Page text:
New Report: Alabama has the Worst Lung Cancer Survival Rate in U.S.

American Lung Association’s new report examines toll of lung cancer in Alabama, identifies opportunities to save lives through improved access to screening, early diagnosis

Lung cancer is the nation’s leading cause of cancer deaths, and it’s estimated that 4,230 Alabama residents will be diagnosed with this disease in 2020 alone. The 2020 “State of Lung Cancer” report from the American Lung Association finds that while more Americans are surviving the disease, people of color are facing poorer health outcomes than white residents, and Alabama can do more to improve survival rates, early diagnosis rates and surgery as the first course of treatment.

The 3rd annual “State of Lung Cancer” report examines the toll of lung cancer throughout the nation and outlines steps every state can take to better protect its residents from lung cancer. For the first time, this year’s report explores the lung cancer burden among racial and ethnic groups at the national and state levels.

This year’s “State of Lung Cancer” highlights the positive trend of increased lung cancer survival, as the nationwide five-year lung cancer survival rate of 22.6% reflects a 13% improvement over the past five years. However, Alabama has the worst survival rate in the nation at 17.1%.

“While we celebrate that more Americans are surviving lung cancer, too many people are being left behind, and the disease still remains the leading cause of cancer deaths,” said Lance Boucher, the senior division director of state public policy at the Lung Association. “Much more can and must be done in Alabama to prevent the disease and support those facing the disease.”

The "State of Lung Cancer" report finds that the burden of lung cancer varies by state. By better understanding the impact of lung cancer across the nation, efforts and policies can be focused where the needs are greatest. Below are the key findings for Alabama:

  • Incidence: Incidence refers to the number of new cases of lung cancer in each state. The national lung cancer incidence rate is 58.7. Alabama has the 37th highest lung cancer incidence rate in the nation (average), at a rate of 65.2 people out of 100,000 people.
  • Survival: Lung cancer has one of the lowest five-year survival rates because cases are often diagnosed at later stages when it is less likely to be curable. Alabama has the lowest lung cancer survival rate in the nation (47th out of 47 states that report data) at 17.1%.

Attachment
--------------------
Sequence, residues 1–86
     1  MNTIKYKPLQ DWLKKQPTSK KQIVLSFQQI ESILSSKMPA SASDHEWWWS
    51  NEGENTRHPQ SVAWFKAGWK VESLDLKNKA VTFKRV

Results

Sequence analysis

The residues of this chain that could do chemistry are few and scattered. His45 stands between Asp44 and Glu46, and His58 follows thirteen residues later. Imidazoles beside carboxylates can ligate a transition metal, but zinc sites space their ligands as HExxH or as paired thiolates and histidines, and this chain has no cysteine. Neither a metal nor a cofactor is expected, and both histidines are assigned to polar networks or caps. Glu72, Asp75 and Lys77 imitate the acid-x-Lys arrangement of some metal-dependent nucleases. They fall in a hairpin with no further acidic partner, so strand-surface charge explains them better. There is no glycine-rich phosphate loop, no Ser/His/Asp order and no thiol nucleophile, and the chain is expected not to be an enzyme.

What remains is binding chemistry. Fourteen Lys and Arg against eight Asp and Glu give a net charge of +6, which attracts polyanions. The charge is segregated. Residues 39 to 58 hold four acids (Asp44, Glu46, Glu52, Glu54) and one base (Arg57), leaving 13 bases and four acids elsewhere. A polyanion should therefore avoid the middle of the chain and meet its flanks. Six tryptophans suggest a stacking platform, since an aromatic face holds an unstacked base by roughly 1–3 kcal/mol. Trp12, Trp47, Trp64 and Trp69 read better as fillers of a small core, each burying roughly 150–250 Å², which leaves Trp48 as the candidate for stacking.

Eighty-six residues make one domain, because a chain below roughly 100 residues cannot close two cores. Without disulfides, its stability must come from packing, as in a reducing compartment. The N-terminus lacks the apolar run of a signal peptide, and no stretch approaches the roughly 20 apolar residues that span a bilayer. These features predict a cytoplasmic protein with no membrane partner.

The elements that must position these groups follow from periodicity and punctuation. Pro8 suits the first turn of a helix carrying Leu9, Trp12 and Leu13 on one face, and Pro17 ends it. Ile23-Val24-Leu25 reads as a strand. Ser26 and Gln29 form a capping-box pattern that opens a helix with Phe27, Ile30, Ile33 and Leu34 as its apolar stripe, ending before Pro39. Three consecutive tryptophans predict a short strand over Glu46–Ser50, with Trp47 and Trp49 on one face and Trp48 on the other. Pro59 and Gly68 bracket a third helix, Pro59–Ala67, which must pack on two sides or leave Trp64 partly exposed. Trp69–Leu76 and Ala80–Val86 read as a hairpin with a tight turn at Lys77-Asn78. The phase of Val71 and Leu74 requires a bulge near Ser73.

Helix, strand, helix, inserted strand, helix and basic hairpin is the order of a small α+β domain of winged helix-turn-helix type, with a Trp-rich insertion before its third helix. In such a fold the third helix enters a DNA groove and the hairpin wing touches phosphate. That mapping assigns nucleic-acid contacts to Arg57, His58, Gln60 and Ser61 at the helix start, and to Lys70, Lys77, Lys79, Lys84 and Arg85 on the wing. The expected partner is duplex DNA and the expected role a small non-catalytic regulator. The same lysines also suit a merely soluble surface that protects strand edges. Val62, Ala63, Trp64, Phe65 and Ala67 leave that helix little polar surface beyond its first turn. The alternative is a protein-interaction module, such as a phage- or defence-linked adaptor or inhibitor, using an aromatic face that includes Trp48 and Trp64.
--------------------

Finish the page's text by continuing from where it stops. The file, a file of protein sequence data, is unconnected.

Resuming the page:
• Early Diagnosis: Nationally, only 22.9% of cases are diagnosed at an early stage when the survival rate is much higher. Alabama ranks 38th in the nation (below average) at 21.4%.
  • Surgical Treatment: Lung cancer can often be treated with surgery if it is diagnosed at an early stage and has not spread widely. Nationally, 20.6% of cases underwent surgery. Alabama ranks 37th in the nation (below average) at 17.8%.
  • Lack of Treatment: There are multiple reasons why patients may not receive treatment. Some of these reasons may be unavoidable, but no one should go untreated because of lack of provider or patient knowledge, stigma associated with lung cancer, fatalism after diagnosis, or cost of treatment. Nationally, about 15.2% of cases receive no treatment. Alabama ranks 35th in the nation (average) at 17.8%.
  • Screening and Prevention: Greater uptake of lung cancer screening among those at high risk will have a positive impact on early detection and survival. Nationally, only 5.7% of those who qualify were screened. Alabama ranked 29th in the nation (average) with 5.9%. 
  • Health Disparities: The Lung Association believes that everyone deserves the opportunity to lead a full and healthy life. Sadly, many systemic issues have contributed to health disparities, including for those facing lung cancer. The report found that people of color who are diagnosed with lung cancer face worse outcomes compared to white Americans as they are less likely to be diagnosed early, less likely to receive surgical treatment, and more likely to receive no treatment. In Alabama, Black Americans are least likely to be diagnosed with lung cancer early.

Learn more about "State of Lung Cancer" at Lung.org/solc. For media interested in speaking with a lung cancer expert about advances in lung cancer and the "State of Lung Cancer" 2020 report or lung cancer survivor about their experience, contact Jill Dale at the American Lung Association at [email protected] or 312-940-7001.

For more information, contact:

Jill Dale
312-940-7001
[email protected]

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